The Perfect Aspect: Replacing confusion with comfort

Do we need the perfect aspect in communication? It seems like we have quite a number of ways to avoid it. I’ve discussed the challenges in understanding aspect in an earlier post. (Click to view 2017 post.) One thing that confuses students is the frequent use of the simple past instead of the present perfect…

Someone, Anyone, and Other Indefinite Pronouns

  My basic English students, Flavia and Andreia, have made good progress over the past several months. The most recent lessons posted on YouTube were recorded back in June 2019, so they are noticeably farther along the path to proficiency now in January 2020. There are still a number of topics I’d like to cover…

Modals for Beginners

Modals find their way into grammar lessons at all stages of learning English. At the lower levels, it’s wise to present modal verbs in small doses, allowing time for practice and feedback. With one of my beginners, Natasha, I decided to teach “Would you like…?” for polite requests and invitations. (See beginner video lesson.) That…

Practice with “That” Clauses

I know that… I think that… I’m happy that… We use such sentences all the time with and without “that.” Some of your basic level students already form sentences with that clauses, not knowing they’re using complex sentences. Well, there’s no need to bog them down with terminology. However, raising awareness of sentence patterns can…

4 Variations on a Speaking Task

Do you struggle to increase student production during a speaking task? Sometimes it can be a matter of choosing the format that students feel most comfortable with. With lower level students, you also need to be sure they have enough language support to complete the task. I sometimes use templates to facilitate speaking. The templates…

Simpler, Livelier Tasks With Comparative Adjectives

I recently shared a Basic English lesson on comparative adjectives that form with -er. As simple as this topic seems, plenty of practice is always called for. Inevitably, production requires accuracy with other grammar elements. I found my students still struggling with subject-verb agreement and singular vs. plural nouns. (Bananas are better than cherries. And…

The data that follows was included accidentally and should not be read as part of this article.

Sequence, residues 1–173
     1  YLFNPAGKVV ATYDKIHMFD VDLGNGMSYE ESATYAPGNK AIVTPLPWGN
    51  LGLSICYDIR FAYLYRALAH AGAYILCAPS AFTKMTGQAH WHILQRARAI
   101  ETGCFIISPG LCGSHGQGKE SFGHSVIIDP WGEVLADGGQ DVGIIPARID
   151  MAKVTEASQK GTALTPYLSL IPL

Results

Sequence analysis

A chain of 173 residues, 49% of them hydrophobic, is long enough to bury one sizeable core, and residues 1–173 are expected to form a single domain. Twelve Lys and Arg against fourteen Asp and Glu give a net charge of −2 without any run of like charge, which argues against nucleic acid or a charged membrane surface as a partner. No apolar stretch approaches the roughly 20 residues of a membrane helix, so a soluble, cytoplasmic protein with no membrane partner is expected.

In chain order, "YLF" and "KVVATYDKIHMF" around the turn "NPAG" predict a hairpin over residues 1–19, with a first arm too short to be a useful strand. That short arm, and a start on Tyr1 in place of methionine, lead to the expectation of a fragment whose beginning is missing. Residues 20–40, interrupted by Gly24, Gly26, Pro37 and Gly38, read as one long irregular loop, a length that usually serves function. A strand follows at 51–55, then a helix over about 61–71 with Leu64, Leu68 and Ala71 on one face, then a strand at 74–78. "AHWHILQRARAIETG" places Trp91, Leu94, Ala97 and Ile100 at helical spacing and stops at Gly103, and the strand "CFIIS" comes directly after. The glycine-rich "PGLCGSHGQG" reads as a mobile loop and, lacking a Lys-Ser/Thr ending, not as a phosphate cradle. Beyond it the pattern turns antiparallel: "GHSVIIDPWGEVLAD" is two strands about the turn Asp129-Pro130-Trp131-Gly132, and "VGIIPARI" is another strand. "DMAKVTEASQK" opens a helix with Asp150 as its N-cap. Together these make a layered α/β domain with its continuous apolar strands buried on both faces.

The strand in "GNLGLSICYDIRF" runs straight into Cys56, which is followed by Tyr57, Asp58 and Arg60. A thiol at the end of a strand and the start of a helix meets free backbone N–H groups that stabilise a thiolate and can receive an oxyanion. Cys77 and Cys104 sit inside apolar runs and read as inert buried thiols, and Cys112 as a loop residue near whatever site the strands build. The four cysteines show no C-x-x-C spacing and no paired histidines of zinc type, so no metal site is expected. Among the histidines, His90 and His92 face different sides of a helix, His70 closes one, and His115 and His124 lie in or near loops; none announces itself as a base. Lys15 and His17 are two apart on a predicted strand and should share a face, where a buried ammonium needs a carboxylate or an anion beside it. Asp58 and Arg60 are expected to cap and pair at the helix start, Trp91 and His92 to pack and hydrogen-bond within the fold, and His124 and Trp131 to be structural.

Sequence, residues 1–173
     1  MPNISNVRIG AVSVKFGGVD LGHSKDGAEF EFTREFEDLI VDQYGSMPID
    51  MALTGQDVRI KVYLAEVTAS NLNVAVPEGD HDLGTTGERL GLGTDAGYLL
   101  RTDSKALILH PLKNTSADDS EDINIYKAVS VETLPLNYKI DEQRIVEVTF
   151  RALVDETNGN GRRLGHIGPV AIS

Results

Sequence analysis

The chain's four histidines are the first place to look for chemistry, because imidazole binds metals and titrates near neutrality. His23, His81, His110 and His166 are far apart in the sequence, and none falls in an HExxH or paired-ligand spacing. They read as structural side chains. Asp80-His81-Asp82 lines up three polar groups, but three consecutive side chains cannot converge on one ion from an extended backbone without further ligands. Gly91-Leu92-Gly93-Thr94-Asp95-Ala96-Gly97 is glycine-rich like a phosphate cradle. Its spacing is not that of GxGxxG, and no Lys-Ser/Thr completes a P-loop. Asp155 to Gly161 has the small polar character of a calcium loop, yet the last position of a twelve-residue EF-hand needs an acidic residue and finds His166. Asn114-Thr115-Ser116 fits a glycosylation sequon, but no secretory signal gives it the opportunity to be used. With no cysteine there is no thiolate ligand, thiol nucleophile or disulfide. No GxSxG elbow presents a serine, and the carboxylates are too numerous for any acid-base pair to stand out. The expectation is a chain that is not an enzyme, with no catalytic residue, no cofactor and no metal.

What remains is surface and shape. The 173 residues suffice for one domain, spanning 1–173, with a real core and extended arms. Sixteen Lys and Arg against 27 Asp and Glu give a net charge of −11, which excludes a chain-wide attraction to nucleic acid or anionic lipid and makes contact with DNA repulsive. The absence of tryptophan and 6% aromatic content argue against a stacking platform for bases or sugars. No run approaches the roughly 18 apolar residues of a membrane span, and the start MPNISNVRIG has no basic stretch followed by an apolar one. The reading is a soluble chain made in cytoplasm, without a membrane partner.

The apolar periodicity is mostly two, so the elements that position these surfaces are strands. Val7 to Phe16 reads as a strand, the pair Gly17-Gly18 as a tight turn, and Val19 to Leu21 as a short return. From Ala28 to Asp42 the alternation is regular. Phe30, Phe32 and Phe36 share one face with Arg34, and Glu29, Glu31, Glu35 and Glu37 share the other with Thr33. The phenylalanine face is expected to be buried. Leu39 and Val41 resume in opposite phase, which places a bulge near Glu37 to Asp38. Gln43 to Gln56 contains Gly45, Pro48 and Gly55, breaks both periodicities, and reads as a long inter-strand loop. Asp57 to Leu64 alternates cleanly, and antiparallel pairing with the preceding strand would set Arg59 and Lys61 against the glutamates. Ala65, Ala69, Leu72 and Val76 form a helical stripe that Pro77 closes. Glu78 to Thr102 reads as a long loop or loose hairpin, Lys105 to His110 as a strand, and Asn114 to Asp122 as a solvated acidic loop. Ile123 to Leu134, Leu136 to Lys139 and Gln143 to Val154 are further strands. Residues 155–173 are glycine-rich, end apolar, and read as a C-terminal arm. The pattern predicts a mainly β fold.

Accidents Happen: 3 tasks to practice the past progressive

Here’s an easy, engaging way to springboard into a grammar lesson on the past tense. Write three sayings on the board. (See below.) Ask the students to vote for the one they like the best. If you wish, invite them to explain their votes. The winning statement can become a banner for a day. Simply…

3 Activities to Practice the Simple Past

What communicative activities have you used to help students gain accuracy and comfort with the simple past? My two basic level students (see YT playlist) have been practicing the future with will and be going to. After this, I plan to shift to the simple past. Since we’ve already practiced was and were, I’m actually…

The Fate of Fairy Tale Heroes: The Future With ‘Will’

I have a some old favorites when it comes to presenting and practicing verb tenses and verb forms. Like many other teachers, I’ve talked with students about the distant future so that we can form sentences with will. Far away times, like 2029 or even 2049, usually spark the imagination. Will cars fly? Will people…

Ambivalence About Ambitransitive Verbs

Having addressed ergative verbs for advanced learners, I feel it’s logical to follow-up with a discussion of verbs in general that have both transitive and intransitive meanings.  Life would be simpler if all sources used the same terminology and agreed on the definitions, but sadly that’s not the case. However, with a clear definition of…

Two Good Reasons to Know About Ergative Verbs

When I first heard the term ergative verbs, I thought to myself, What?! I worried that perhaps I didn’t know something every other ESL/EFL teacher knew. Well, although I wasn’t a new teacher by the time I discovered ergative verbs, it turns out that I wasn’t alone in my lack of familiarity. Since then, I’ve met other ESL professionals…

3 Simple, Fun Activities to Practice WHY & BECAUSE

Why would I create a whole lesson devoted to why and because? Because answers to why vary. ‘Cause pronunciation varies. Cos informal variations in spelling are used as well. I created a whole lesson devoted to this topic because two of my students needed to build confidence asking and answering questions with why.  This lesson on why and because was shared on…